In the U.S., the reservoir of vaccine resistance is large enough to prevent control of the coronavirus pandemic. Since COVID-19 vaccines were first authorized, over half of all U.S. COVID-19 cases — an estimated 23 million new infections — and more than 300,000 deaths have occurred. The Kaiser Family Foundation estimates that just from June through August of this year, 287,000 preventable COVID-19 hospitalizations of unvaccinated adults (out of 530,000 in total) cost over $5.7 billion for the hospital care alone, not to mention the impact of these illnesses on families, communities, and the economy.
Maximizing the immunization of Americans is necessary to stop the pandemic, but so far, our attempts to get the holdouts vaccinated has proven futile. It’s time for a new approach. One focused less on the facts and the benefits of vaccination, and more on tapping into the deeply held values of the resisters.
First, it’s important to look into the vaccine holdout psyche. The most vocal and significant group of stalwart vaccine resisters tends to be geographically concentrated and broadly dispersed around the country, and includes many vulnerable citizens making them a catalytic source of continuing infectious spread. Crucial to understanding (and empathizing with) them is appreciating that for these folks, objecting to immunization has become a moral issue, as well as a value-laden and integral aspect of their being, a reflection of their persona. Their values motivate their emotionally assertive, angry public protests and their dedication to disrupting existing public health infrastructure and government order while feeling patriotic for defending their values. They have a morality-based resistance, rationalized with many explanations including scientific skepticism, faith in natural products and healing, and strongly proclaiming their American constitutional rights and responsibility to protect their own individual freedom and liberty.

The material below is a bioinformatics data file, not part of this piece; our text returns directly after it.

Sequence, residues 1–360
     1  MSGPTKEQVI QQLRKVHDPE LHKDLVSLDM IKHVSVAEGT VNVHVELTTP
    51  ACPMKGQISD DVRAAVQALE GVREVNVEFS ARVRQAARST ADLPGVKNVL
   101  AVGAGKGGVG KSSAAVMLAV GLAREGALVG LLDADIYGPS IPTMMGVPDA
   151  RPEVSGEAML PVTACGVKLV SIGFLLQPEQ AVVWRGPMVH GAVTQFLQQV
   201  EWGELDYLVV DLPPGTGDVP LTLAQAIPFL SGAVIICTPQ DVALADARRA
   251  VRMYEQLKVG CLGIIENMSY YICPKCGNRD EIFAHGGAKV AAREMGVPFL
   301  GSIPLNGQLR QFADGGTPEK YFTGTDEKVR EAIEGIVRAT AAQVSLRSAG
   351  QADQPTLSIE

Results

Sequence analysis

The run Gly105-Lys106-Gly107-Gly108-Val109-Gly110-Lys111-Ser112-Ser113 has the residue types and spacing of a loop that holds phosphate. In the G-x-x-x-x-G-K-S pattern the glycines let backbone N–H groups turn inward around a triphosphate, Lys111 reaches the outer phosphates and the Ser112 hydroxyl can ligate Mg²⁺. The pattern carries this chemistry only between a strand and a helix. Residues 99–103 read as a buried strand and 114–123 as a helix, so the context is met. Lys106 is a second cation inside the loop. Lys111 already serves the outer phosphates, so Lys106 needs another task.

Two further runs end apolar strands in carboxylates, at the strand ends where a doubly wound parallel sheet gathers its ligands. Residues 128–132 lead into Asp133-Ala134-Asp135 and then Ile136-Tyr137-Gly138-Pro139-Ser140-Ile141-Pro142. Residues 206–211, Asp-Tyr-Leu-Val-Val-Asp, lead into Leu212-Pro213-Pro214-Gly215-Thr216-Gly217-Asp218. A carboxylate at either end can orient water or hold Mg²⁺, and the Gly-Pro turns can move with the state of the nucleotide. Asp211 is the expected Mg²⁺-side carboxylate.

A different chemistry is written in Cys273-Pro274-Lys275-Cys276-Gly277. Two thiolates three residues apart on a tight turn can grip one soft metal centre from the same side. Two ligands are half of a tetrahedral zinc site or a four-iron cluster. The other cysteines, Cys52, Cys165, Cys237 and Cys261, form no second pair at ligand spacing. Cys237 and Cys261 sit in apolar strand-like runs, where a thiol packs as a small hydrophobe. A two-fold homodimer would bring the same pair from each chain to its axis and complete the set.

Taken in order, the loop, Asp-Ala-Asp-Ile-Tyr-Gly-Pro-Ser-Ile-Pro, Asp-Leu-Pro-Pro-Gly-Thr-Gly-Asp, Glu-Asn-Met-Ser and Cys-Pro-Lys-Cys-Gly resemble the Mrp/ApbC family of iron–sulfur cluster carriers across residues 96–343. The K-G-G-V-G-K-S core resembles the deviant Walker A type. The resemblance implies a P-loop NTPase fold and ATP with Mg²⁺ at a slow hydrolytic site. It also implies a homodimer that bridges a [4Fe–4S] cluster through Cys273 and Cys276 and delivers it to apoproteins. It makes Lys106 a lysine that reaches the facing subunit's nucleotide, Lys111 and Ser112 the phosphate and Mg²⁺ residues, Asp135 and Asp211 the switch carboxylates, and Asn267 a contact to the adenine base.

Importantly, they do not reject treatments: accepting both scientifically rejected medications such as hydroxychloroquine and ivermectin, and, when infected, accepting monoclonal antibodies, hospitalization, and intensive care. Their perspective has been mobilized and reinforced, but not created, by ongoing support and encouragement from lively parts of traditional and social media, and many admired faith-based and political leaders. Even more importantly, they have persisted in their resistance as COVID-19 has ravaged their communities, neighbors, and families.